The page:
Good Reads: A roundup of Lockerbie, Boko Haram, and Monterrey
Today's stories feature deeper looks at the fate of Lockerbie bombing mastermind al-Megrahi, the evolution of Nigerian terrorist group Boko Haram, and what the Monterrey casino attack might mean for Mexico.
The weekend is done, Manchester United destroyed Arsenal, and a storm named Irene thankfully disappeared faster than expected.Skip to next paragraph
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Let’s turn to the papers, shall we, and find some good reads that help us make sense of some of the other stories from the past few days.
● First up, if you haven’t already seen the video, is a well reported piece by Nic Robertson of CNN. For the past decade, Mr. Robertson has been one of the hardest working correspondents on TV, and having covered the investigation of the bombing of the Pan Am flight 103 over Lockerbie, Scotland, on Dec. 21, 1988, he returns to the story years later in Tripoli, Libya, to Abdel Basset al-Megrahi, the man convicted of organizing the bombing of the airliner by a Scottish court, and later released on compassionate medical grounds due to failing health.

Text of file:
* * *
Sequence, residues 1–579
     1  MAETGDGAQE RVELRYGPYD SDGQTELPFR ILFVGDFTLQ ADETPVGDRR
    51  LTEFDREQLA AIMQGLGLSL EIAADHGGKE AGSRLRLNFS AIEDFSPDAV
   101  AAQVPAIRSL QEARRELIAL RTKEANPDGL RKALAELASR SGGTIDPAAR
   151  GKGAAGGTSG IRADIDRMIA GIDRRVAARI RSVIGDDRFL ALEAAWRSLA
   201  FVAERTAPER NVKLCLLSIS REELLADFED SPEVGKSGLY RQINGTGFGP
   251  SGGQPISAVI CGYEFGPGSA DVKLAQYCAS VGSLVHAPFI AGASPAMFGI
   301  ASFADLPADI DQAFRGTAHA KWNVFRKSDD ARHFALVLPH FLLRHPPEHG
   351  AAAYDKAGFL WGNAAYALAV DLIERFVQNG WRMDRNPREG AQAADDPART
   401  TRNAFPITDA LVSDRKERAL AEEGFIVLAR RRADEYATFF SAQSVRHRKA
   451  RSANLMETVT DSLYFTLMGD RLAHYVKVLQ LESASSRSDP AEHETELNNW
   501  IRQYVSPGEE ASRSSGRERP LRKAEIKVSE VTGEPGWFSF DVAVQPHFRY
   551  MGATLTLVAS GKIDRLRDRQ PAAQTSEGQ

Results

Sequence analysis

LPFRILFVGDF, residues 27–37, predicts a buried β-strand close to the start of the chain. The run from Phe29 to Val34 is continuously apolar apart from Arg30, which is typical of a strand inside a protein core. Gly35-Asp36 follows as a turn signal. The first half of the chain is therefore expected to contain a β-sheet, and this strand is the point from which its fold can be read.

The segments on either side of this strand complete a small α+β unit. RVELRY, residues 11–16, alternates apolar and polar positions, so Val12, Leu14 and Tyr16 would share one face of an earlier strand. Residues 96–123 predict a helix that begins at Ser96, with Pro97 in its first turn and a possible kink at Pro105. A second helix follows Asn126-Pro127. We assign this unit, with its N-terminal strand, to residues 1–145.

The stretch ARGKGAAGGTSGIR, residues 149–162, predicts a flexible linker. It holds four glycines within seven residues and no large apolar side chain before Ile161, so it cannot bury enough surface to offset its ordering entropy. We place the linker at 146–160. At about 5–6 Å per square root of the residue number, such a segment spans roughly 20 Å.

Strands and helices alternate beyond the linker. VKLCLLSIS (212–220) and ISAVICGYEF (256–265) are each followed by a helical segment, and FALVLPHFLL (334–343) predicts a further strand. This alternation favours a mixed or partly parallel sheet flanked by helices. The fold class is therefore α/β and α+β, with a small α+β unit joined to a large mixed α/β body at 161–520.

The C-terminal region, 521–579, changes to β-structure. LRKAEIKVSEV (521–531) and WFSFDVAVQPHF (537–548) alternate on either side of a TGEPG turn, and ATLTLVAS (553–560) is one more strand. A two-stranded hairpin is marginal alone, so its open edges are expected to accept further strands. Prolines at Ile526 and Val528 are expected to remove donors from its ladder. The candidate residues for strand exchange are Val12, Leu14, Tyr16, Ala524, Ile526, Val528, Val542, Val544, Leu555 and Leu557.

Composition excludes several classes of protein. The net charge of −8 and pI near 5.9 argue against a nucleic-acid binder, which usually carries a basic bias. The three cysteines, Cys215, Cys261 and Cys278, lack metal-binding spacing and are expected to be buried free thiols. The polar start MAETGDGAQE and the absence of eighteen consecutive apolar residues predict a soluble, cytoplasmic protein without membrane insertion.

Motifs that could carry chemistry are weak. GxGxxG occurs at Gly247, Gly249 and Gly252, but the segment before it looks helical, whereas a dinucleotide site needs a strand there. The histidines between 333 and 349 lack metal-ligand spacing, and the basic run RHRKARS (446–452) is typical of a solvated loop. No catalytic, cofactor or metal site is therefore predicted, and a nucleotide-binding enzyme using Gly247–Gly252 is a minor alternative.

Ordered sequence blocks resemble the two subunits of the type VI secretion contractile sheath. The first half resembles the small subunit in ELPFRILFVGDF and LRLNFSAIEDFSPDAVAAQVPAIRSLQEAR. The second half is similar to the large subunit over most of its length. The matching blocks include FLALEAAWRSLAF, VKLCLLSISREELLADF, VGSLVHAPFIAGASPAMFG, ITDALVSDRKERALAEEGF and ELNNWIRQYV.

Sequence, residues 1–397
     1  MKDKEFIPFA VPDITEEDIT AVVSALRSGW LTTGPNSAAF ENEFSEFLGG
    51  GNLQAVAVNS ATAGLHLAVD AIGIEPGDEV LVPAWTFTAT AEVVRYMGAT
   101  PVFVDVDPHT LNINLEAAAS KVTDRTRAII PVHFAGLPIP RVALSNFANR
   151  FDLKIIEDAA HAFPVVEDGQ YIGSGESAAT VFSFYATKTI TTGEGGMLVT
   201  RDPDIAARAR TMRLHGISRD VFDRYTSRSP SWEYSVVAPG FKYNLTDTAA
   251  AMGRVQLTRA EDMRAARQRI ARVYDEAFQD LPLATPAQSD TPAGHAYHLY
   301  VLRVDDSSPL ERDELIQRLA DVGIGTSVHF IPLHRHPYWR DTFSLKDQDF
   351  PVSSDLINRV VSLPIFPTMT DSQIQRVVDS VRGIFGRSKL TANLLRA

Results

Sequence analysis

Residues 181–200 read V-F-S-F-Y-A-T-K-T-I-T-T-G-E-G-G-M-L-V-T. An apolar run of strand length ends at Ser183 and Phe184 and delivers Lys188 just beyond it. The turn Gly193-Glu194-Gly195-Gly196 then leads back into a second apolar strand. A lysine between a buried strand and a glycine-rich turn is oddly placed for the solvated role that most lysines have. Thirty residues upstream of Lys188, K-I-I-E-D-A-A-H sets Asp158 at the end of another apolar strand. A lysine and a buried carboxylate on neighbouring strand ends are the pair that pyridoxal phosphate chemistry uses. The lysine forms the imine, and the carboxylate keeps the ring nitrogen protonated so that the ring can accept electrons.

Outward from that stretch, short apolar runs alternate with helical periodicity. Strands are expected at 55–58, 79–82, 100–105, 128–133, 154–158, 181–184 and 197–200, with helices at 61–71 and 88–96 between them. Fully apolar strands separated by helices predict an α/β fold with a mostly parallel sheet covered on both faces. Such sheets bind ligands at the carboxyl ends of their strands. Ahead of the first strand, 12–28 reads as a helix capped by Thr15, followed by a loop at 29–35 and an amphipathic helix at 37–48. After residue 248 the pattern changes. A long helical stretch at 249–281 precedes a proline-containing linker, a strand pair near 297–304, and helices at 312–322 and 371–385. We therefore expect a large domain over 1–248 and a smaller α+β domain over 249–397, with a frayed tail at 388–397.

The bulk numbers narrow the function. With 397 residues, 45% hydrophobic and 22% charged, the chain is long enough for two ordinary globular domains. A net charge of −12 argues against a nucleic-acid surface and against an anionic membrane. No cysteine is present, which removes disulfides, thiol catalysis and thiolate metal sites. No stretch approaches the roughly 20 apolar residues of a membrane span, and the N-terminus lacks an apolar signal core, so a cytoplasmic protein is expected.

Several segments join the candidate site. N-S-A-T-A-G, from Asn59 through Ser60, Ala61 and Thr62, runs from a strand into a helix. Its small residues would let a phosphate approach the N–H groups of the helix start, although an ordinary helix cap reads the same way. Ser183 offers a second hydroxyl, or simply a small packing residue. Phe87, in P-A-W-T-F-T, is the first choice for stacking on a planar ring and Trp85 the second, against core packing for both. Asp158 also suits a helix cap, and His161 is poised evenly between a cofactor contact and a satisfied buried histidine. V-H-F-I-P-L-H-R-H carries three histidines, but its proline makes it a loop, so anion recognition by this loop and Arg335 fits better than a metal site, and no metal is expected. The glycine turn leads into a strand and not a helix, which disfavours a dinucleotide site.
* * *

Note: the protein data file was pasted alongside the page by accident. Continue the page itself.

Robertson admits expecting to find the convicted bomber sitting in a big comfy chair, a reasonable expectation in a posh home that has plenty of them. Instead, he finds Mr. Megrahi unconscious, inert, in a bed, attached to tubes and an oxygen tank. Megrahi’s release caused an outrage and an investigation in Britain on whether the Scottish court decision was appropriate, but it appears that Muammar Qaddafi’s designated bomber, a man responsible for the deaths of 270 people, is not long for this world, and certainly not ready for an interview.
● Blasts of a more recent sort have rocked the Nigerian north, more recently the Friday suicide bombings of a United Nations compound in the nation’s capital of Abuja. Eighteen people were killed when a car packed with explosives penetrated the security gates of the UN compound, where Western and Nigerian employees coordinate everything from peacekeeping missions to education and health programs.